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http://dx.doi.org/10.47176/mjiri.35.35DOI Listing
http://www.ncbi.nlm.nih.gov/pmc/articles/PMC8236083PMC
March 2021

Catastrophic health expenditures for children with disabilities in Iran: A national survey.

Int J Health Plann Manage 2021 Jun 29. Epub 2021 Jun 29.

Social Determinants of Health Research Center, Research Institute for Health Development, Kurdistan University of Medical Sciences, Sanandaj, Iran.

Objective: The aim of this study was to investigate the percentage of households with disabled children aged 0-8 years who had faced catastrophic health expenditures (CHEs) due to the health costs of these children in Iran.

Methods: This cross-sectional study was carried out on 2000 households with disabled children aged 0-8 years in five provinces of Iran in 2020. Data were collected using the World Health Survey questionnaire and face-to-face interview. Determinants of CHE were identified using logistic regression.

Results: 32.7% of households with disabled children had faced CHE. Head of household being female (Adjusted OR = 18.89, 95%CI: 10.88-29.42), poor economic status of the household (Q1: Adjusted OR = 20.26, 95% CI, 11.42-35.94; Q2: Adjusted OR = 8.27, 95%CI, 4.45-15.36; Q3: Adjusted OR = 13.88, 95%CI, 7.89-24.41), lack of supplementary insurance by a child with disabilities (Adjusted OR = 6.13, 95%CI, 3.39-11.26), having a child with mental disability (Adjusted OR = 2.71, 95%CI, 1.60-4.69), and type of basic health insurance (having Iranian Health Insurance: Adjusted OR = 2.20, 95%CI, 1.38-3.49; having Social security insurance: Adjusted OR = 1.66, 95%CI, 1.06-2.61) significantly increased the chances of facing CHE.

Conclusion: A significant percentage of households with disabled children had faced CHE because of their disabled child's health costs. The key determinants of CHE should be considered by health policy-makers in order to more financial protection of these households.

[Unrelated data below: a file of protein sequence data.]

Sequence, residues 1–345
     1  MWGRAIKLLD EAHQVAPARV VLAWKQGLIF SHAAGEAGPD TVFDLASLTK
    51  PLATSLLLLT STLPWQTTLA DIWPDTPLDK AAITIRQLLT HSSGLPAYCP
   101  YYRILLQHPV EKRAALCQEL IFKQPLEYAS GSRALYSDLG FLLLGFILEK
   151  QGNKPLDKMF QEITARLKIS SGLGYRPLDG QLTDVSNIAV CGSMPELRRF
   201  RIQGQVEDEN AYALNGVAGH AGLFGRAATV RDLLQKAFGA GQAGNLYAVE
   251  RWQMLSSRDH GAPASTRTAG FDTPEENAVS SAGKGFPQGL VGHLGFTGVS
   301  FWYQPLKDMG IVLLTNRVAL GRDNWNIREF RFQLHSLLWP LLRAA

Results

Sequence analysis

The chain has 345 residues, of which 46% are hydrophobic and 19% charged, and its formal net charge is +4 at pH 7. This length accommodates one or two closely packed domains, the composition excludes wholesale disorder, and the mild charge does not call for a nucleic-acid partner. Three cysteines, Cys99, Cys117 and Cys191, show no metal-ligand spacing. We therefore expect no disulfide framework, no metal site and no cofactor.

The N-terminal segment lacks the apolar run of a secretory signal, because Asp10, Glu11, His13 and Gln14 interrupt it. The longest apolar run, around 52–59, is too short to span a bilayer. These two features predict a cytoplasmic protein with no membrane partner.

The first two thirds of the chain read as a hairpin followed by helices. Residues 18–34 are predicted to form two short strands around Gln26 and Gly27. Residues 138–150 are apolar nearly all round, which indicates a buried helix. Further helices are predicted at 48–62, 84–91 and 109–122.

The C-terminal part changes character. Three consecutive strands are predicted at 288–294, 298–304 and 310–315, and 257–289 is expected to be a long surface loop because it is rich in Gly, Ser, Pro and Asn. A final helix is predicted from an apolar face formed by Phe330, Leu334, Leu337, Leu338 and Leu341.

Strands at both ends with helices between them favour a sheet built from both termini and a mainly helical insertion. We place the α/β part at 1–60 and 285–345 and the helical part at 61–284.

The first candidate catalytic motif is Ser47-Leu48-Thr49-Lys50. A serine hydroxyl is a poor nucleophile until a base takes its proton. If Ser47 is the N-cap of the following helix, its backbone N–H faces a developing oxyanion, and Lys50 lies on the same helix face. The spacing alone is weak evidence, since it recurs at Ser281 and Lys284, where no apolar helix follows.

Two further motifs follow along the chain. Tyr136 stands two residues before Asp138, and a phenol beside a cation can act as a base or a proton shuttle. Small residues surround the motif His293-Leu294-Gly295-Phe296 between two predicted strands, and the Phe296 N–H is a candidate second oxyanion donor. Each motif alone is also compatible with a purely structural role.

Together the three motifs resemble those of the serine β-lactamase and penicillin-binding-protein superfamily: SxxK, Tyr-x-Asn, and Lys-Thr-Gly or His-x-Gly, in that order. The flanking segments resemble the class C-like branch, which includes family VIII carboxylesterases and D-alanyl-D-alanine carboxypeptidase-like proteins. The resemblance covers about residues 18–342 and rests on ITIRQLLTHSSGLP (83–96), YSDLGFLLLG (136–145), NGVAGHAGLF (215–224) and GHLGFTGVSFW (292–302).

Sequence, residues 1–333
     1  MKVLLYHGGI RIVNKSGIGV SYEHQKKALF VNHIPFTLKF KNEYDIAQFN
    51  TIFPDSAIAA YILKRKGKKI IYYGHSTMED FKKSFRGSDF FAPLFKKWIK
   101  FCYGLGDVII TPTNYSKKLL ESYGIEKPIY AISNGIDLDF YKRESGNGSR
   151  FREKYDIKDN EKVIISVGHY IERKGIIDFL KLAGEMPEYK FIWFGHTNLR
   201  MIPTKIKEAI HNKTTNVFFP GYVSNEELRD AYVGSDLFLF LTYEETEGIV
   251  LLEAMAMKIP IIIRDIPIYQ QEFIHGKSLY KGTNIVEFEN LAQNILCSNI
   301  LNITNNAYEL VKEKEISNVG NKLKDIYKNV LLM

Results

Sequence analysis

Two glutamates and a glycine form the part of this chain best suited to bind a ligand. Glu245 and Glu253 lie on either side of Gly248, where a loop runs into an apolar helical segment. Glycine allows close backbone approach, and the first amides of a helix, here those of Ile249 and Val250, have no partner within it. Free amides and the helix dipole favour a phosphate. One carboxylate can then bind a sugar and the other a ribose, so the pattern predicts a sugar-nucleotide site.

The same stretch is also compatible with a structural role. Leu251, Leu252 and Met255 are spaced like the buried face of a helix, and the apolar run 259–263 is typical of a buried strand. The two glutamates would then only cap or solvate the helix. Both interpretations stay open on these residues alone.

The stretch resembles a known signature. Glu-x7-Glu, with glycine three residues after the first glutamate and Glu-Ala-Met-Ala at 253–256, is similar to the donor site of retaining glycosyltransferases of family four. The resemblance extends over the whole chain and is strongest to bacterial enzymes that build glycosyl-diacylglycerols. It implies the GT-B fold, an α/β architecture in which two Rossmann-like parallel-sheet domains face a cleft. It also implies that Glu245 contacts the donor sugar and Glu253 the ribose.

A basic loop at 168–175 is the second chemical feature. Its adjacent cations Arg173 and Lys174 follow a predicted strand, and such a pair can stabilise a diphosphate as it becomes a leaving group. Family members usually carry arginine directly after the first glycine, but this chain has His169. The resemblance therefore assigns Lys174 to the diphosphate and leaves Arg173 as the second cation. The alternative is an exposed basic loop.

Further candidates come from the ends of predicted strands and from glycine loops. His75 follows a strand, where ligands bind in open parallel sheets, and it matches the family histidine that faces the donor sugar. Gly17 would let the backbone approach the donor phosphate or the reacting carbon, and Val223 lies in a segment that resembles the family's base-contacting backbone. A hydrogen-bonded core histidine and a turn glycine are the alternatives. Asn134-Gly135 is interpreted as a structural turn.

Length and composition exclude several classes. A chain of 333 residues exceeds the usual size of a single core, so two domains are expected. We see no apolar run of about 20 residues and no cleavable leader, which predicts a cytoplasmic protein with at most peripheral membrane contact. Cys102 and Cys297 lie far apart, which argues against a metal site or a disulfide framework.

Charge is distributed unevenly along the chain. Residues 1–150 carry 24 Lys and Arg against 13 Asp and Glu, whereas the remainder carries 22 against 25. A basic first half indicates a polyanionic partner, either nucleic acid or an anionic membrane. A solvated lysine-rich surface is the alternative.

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http://dx.doi.org/10.1002/hpm.3273DOI Listing
June 2021

Persistence assessment of SARS-CoV-2-specific IgG antibody in recovered COVID-19 individuals and its association with clinical symptoms and disease severity: A prospective longitudinal cohort study.

Int Immunopharmacol 2021 Jun 16;98:107893. Epub 2021 Jun 16.

Cellular and Molecular Research Center, Research Institute for Health Development, Kurdistan University of Medical Sciences, Sanandaj, Iran. Electronic address:

Background: Antibodies play an important role in neutralizing invading pathogens and protecting the host against re-infection. Thus, the accurate assessment of antibodies during a pandemic can provide important evidence for monitoring pathogen exposure, understanding the role of antibodies in protective immunity, and helping vaccine development.

Methods: In this study, 96 west Iranian recovered COVID-19 subjects were recruited and, based on clinical symptoms and disease severity, categorized into three different groups: mild, moderate, and severe. In addition, the presence and dynamic change of SARS-CoV-2-specific IgG antibody three, four-, and six months post symptom onset (PSO) were measured. Also, the association between IgG antibody titer with clinical symptoms and disease severity was examined.